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Here’s Everything You Never Learned About Larry Doby, The First Black Baseball Player In The American League

Here’s Everything You Never Learned About Larry Doby, The First Black Baseball Player In The American League

He would’ve been 99 years young!

Larry Doby was born Lawrence Eugene Doby on December 13, 1923 in Camden, South Carolina, Ohio History Central reports. He eventually moved to Paterson, New Jersey where he was raised, finding his passion in sports at an early age. He shined in a number of sports, including football, baseball, and basketball, eventually attending Long Island University as a college athlete. 

Upon graduation, Doby began his baseball career as an infielder for the Newark Eagles, a team in the Negro National League, the National Baseball Hall of Fame reports. At the time, baseball was still segregated, and Black players were still unable to play on white teams. Dobby played for the Eagles from 1942 to 1943 before pausing his career to serve in the United States Navy during World War II in 1944. There, he encountered segregation and racism as well, eventually returning to the Negro Leagues where he led the Eagles to a championship in 1946. 


Dobby then made history as the first African-American to play professional basketball in the ABL, a league that preceded the NBA. In 1947, just a couple months after Jackie Robinson broke the color barrier in baseball, Bill Veeck, owner of the Cleveland Indians, hired Doby, the SC native making history as the first Black person to play in the American League and the second to play in the National League. While Veeck and Doby formed a special relationship, the same kindness was not necessarily extended to Doby by his peers. He suffered a lot of the same ills as Robinson, being subjected to the overt racism of the time, segregation laws, and regular death threats.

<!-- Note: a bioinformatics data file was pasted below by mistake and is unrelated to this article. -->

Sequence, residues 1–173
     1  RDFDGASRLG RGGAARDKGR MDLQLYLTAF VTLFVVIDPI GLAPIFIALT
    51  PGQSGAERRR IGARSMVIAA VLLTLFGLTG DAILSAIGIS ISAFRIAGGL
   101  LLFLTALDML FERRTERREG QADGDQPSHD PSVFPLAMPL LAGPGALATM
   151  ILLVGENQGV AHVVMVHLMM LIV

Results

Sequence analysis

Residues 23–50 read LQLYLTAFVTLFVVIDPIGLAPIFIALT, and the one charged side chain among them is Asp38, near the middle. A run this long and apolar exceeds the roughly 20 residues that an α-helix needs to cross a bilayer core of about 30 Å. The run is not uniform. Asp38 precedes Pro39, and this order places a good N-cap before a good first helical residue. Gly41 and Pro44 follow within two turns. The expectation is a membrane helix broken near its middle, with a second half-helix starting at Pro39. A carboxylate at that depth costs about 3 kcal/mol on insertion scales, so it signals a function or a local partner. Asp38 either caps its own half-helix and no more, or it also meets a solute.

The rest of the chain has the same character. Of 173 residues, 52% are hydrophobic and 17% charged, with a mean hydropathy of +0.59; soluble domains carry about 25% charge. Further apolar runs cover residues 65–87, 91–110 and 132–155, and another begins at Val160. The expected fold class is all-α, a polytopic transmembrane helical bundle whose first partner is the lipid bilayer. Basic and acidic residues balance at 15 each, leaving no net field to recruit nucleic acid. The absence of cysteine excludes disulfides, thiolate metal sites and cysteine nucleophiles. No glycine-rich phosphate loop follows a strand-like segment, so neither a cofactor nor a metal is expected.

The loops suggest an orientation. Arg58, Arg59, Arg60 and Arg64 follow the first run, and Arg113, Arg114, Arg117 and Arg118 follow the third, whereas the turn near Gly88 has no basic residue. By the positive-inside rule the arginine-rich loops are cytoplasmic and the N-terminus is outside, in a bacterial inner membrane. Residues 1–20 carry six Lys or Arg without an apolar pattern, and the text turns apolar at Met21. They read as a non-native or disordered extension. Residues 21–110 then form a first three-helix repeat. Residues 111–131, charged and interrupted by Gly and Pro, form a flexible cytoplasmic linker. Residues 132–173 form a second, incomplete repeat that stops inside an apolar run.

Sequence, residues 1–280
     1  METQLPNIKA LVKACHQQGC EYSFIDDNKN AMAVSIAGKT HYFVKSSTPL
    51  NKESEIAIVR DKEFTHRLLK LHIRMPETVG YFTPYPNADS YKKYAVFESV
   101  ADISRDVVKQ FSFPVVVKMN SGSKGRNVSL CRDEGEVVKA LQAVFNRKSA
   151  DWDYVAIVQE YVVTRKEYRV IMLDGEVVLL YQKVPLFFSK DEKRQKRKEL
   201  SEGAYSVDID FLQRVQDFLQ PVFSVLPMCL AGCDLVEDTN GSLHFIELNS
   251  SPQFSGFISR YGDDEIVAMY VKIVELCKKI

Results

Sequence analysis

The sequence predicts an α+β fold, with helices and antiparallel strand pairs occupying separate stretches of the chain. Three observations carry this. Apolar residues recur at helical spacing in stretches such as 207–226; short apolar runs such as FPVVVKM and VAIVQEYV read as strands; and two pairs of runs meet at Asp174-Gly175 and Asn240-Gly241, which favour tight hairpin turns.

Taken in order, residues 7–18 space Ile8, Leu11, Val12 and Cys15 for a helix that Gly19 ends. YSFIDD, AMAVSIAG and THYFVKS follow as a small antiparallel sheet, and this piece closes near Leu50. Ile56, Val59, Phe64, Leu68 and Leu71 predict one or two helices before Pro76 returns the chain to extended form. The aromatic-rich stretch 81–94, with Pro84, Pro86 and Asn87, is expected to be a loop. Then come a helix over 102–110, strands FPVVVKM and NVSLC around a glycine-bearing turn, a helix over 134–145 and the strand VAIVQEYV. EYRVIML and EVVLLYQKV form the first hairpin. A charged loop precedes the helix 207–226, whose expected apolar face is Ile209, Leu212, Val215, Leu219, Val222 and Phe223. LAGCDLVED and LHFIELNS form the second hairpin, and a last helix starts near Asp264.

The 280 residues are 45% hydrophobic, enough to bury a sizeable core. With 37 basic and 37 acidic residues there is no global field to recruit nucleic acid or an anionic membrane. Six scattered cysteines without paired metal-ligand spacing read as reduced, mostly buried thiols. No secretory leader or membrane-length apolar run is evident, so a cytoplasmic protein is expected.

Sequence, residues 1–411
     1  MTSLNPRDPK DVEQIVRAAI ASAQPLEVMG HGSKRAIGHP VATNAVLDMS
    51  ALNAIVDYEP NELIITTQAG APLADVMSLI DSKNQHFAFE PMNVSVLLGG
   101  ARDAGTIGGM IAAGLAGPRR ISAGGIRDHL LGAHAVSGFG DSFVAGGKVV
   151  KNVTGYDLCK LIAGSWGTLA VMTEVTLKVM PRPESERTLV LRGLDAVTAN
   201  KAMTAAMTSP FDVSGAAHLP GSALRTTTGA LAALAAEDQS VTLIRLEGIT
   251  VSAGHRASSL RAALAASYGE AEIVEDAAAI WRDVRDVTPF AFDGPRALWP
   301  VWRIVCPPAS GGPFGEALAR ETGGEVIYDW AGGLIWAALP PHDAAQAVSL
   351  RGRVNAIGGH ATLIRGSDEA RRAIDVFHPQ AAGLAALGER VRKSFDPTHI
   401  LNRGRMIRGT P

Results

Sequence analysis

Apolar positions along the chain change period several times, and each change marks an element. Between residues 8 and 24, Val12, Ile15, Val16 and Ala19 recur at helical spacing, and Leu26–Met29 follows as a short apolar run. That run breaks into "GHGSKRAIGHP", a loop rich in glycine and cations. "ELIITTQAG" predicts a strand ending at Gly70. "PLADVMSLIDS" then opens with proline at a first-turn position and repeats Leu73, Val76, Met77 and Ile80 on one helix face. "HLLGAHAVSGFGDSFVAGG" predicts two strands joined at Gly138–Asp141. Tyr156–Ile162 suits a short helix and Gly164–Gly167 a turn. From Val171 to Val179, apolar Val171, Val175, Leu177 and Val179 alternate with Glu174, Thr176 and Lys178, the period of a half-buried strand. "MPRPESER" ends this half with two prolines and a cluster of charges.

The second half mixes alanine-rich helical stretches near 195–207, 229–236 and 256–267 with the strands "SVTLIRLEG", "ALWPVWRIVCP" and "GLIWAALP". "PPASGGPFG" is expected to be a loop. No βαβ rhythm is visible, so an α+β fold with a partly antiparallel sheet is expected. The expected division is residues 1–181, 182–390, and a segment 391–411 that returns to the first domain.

“It may have [bothered Doby], but he never complained to the players; when he joined, naturally it was a tough time. But after he was with us a while, he got along pretty good,” former teammate Mel Harder once said. 

“Larry proved to them that he was a major leaguer in handling himself in more ways than one - on the field and off the field,” his former manager Lou Boudreau added. 


In 1948, Doby made history again as the first African-American to hit a home run in the World Series. In 1952, he became the first Black player to lead the American or National League in home runs. Dobby played thirteen seasons in the major leagues, was named an All Star seven times over the course of his career and landed five-100 RBI and eight-20 home run seasons. Dobby led the Cleveland Indians to win the American League pennant in both 1948 and 1954, and the team won the World Series in 1948. He went on to play for both the Chicago White Sox and Detroit Tigers and played overseas in Japan for the Chunichi Dragons. 

After retirement, Dobby became the second African-American to manage a major league baseball team, working with the Chicago White Sox, Montreal Expos and Cleveland Indians. In the 1970s, he served as Director of Community Relations for the NBA’s New Jersey Nets, and he was elected to the Baseball Hall of Fame in 1998. Dobby passed away on June 18, 2003 at the age of 79. 


While his contributions didn’t receive as much notoriety as many of his fellow peers, Dobby’s legacy cannot be understated. He was a part of the fabric of major league baseball, and he had a lasting impact on the game on and off the field. May his legacy never be forgotten. Because of Larry Doby, we can. 

Here’s everything you never learned about Larry Doby, the first Black baseball player in the American League. Photo Courtesy of National Baseball Hall of Fame Library